Communists on Campus: Race, Politics, and the Public University in Sixties North Carolina

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University of Georgia Press, Feb 1, 2003 - Education - 308 pages
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North Carolina's 1963 speaker ban law declared the state's public college and university campuses off-limits to "known members of the Communist Party" or to anyone who cited the Fifth Amendment in refusing to answer questions posed by any state or federal body. Oddly enough, the law was passed in a state where there had been no known communist activity since the 1950s. Just which "communists" was it attempting to curb? In Communists on Campus, William J. Billingsley bares the truth behind the false image of the speaker ban's ostensible concern. Appearing at a critical moment in North Carolina and U.S. history, the law marked a last-ditch effort by conservative rural politicians to increase conservative power and quell the demands of the civil rights movement, preventing the feared urban political authority that would accompany desegregation and African American political participation. Questioning the law's discord with North Carolina's progressive reputation, Billingsley also criticizes the school officials who publicly appeared to oppose the speaker ban law but, in reality, questioned both students' rights to political opinions and civil rights legislation. Exposing the University of North Carolina at Chapel Hill as the main target of the ban, he addresses the law's intent to intimidate state schools into submission to reactionary legislative demands at the expense of the students' political freedom.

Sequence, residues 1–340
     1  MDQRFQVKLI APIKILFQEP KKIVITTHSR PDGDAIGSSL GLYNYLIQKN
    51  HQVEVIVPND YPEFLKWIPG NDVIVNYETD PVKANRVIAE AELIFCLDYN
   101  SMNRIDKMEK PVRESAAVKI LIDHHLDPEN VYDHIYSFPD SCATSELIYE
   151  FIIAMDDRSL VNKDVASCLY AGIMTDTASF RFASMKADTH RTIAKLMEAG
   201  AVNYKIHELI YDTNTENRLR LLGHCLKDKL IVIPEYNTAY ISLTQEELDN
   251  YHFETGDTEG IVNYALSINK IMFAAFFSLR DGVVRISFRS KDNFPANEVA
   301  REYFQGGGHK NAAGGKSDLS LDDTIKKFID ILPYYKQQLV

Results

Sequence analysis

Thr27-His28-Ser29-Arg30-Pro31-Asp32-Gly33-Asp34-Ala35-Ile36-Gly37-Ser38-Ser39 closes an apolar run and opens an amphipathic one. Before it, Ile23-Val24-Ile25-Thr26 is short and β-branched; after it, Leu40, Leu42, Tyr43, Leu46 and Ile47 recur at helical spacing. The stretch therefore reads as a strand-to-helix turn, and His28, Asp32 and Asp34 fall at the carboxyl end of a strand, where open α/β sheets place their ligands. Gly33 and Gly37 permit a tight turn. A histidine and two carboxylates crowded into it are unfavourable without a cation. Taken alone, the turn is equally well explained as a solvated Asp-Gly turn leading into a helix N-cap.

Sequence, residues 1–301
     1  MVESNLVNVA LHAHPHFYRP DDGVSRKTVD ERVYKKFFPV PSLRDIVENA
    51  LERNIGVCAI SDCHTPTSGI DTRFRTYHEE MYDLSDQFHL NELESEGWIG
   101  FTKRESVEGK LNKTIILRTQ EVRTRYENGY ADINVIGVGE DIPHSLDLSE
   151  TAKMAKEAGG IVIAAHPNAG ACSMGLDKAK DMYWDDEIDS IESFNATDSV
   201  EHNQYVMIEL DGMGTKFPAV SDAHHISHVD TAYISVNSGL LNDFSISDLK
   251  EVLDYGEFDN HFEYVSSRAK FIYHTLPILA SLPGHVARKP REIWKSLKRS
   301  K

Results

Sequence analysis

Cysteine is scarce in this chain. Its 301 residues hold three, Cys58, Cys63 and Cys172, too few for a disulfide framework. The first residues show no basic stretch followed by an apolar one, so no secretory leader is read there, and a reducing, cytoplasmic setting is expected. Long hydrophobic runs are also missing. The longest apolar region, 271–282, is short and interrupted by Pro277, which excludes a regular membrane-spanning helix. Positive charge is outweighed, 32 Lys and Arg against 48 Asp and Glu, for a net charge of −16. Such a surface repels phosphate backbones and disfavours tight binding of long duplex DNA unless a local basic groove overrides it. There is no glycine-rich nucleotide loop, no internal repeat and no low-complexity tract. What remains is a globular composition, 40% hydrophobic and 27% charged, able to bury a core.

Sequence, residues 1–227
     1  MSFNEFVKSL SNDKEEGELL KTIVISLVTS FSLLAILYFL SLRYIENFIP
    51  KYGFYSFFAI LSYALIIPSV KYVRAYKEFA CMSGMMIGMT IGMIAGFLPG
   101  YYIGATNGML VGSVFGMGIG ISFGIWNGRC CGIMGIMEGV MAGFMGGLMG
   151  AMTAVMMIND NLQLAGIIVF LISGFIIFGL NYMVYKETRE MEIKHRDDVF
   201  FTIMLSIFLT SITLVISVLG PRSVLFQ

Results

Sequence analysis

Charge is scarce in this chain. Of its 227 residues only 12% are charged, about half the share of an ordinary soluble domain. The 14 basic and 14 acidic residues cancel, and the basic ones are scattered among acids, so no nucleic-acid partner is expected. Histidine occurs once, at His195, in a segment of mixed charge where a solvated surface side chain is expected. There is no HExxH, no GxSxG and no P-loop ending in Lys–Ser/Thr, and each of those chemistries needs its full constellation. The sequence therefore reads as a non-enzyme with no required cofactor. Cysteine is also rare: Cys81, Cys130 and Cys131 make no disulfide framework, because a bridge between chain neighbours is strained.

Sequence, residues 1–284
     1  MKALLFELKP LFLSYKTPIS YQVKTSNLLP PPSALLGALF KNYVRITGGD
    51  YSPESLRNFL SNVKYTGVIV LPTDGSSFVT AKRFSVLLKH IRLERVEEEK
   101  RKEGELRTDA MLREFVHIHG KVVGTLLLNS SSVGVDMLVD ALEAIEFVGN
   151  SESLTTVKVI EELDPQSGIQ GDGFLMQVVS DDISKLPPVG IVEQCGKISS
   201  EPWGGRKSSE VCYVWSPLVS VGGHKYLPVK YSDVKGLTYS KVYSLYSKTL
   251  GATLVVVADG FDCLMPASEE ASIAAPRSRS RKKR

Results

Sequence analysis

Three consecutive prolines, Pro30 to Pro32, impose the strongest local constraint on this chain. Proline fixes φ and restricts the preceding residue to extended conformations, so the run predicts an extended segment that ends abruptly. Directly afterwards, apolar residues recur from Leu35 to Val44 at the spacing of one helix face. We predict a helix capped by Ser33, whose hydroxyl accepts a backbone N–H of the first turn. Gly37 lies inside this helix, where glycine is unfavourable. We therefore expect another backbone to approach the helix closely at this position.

Contrary to its aims, the speaker ban law spawned a small but powerfully organized student resistance led by the Students for a Democratic Society at the University of North Carolina. The SDS, quickly joined by more traditional student groups, mobilized student "radicals" in a memorable effort to halt this breach of their constitutional rights. Highlighting the crisis point of the civil rights movement in North Carolina, Communists on Campus exposes the activities and machinations of prominent political and educational figures Allard Lowenstein, Terry Sanford, William Friday, Herbert Aptheker, and Jesse Helms in an account that epitomizes the social and political upheaval of sixties America.

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About the author (2003)

William J. Billingsley was born and raised in North Carolina. He currently lives in Costa Mesa, California, and lectures at the University of California, Irvine.

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